After years of exile in Siberia, Soviet Jewish human rights activist Ida Nudel still struggles to leave the Soviet Union for Israel.
LILITH launches in this issue a Women’s Appeal to Raissa Gorbachev, wife of Soviet leader Mikhail Gorbachev, to allow Nudel, who has been applying unsuccessfully for an exit visa since 1971, to rejoin her sister in Israel.
Nudel, 55, an economist-engineer by profession, was sentenced in 1978 to four years’ “internal exile” in Siberia for hanging a banner from her balcony reading, “KGB, give me my visa for Israel!” Housed for most of this time in a barracks with male criminals, Nudel survived her exile (chronicled in issue #10), and tried to return to her Moscow home in March 1982.
Although she had the legal right to live and be registered there—or anywhere else in the country she chose—Nudel was barred from Moscow and given 72 hours to leave. She spent the next six months wandering from city to city, trying in vain to find a place she could be registered. She felt, she later told Jerusalem Post reporter Louis Rapoport, “like a hunted animal.”
She was finally allowed to live in Bendery, a town of 100,000 about 120 miles north of the Black Sea. She lives with her collie dog in a peasant hut of two small rooms, and works in her garden growing vegetables and tending fruit trees. It took her two years to get cold water piped in and electricity installed—and to recover physically from the stresses of Siberia and the six months’ homelessness (she still suffers from heart disease).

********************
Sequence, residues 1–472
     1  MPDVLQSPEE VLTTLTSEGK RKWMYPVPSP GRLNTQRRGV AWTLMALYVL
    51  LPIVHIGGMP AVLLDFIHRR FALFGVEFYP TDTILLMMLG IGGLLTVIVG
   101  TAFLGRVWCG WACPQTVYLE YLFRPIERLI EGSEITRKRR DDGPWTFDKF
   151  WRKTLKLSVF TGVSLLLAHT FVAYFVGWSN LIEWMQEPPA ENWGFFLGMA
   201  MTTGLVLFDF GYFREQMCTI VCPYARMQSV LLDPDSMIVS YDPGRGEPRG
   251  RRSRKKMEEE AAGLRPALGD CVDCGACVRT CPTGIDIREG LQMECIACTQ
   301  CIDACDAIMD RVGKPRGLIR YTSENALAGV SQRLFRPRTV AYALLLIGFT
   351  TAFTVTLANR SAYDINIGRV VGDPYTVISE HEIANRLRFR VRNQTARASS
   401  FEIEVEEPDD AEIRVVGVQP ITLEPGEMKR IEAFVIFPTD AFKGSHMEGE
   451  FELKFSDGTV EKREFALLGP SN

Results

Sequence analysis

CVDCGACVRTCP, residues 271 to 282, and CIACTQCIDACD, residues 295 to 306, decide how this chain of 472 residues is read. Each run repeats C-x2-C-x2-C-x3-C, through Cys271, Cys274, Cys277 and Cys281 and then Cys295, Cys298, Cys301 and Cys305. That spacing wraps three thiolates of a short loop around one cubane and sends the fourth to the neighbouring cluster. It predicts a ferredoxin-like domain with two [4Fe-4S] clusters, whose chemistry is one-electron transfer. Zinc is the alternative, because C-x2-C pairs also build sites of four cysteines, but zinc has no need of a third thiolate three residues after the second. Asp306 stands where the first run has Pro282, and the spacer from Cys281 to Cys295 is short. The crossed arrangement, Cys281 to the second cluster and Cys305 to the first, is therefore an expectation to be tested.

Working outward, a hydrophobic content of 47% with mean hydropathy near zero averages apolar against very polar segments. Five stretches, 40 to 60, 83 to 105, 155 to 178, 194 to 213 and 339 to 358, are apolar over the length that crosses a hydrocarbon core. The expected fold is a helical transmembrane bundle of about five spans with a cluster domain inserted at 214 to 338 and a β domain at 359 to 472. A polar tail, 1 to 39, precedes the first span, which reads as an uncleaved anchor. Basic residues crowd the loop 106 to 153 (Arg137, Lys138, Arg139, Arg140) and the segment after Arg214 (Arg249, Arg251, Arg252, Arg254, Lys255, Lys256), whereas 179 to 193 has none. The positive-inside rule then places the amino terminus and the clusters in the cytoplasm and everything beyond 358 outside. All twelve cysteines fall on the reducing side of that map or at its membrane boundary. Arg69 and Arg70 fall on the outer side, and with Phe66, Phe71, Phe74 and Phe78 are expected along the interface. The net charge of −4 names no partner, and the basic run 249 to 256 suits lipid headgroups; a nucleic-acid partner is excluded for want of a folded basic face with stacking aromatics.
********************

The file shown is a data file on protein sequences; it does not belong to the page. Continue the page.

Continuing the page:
Known as the “Angel of the Refuseniks,” Nudel continues to do what she did before her Siberian exile: to write and send packages to Prisoners of Conscience. After the Chernobyl nuclear disaster, she gave shelter in her home to five children — Jews and non-Jews —evacuated from Kiev. Prevented from traveling outside Bendery, she told Rapoport, “I don’t live the Soviet Union in my spirit. I wish the Russian people well, but I want all Jews to understand: it was our fate before to live here… but now we have a country of our own at last” and she wants to go there, to Israel.
The recent Soviet “glasnost” (openness) policy has created a situation where the authorities may be more responsive to an appeal for Nudel’s release on humanitarian grounds.
We hope this new approach of a Women’s Appeal will play an important role in moving the Soviets to issue Nudel an exit visa. We are calling on all women and women’s organizations to join the Appeal. (Please see page 16.) LILITH will present all the signatures to the Soviet authorities publicly and with media attention.
Like released Prisoner of Conscience Anatoly (Natan) Sharansky, Nudel was deeply involved with the Helsinki Watch Group, whose leaders were imprisoned in 1978, the same year Nudel and Sharansky were sentenced.
“Sharansky was absolutely right,” she told the Post, “when he stressed the connection between the Jewish movement and the dissident movement…”.
If oppressed Jews in the Soviet Union take great risks to speak out on human rights, how much more imperative is it for those of us living in freedom to add our voices to theirs.
We must not commit the crime of silence — of being bystanders when others are being persecuted—neither in the Nudel case, nor in the case of South Africa, where Blacks have for so long been denied the most basic human rights, as we see in the article on page 9.
Filmmaker Mira Hamermesh, who survived the Holocaust by fleeing Nazi-occupied Lodz for Palestine, sees apartheid through the prism of the Holocaust. Probing South African reality to research “Maids and Madems,” her film on the links between racism and sexism, she sees—and experiences— how white women benefit from white-skin privilege and cannot help but take advantage of their Black maids’ powerlessness. Repeatedly she asks herself, “Am I my sister’s keeper?”
For Jews who feel the pain and rage at having been abandoned (with a few shining exceptions) by the non-Jewish world at a time of their greatest Catastrophe and greatest need there can be one and only one answer to that question.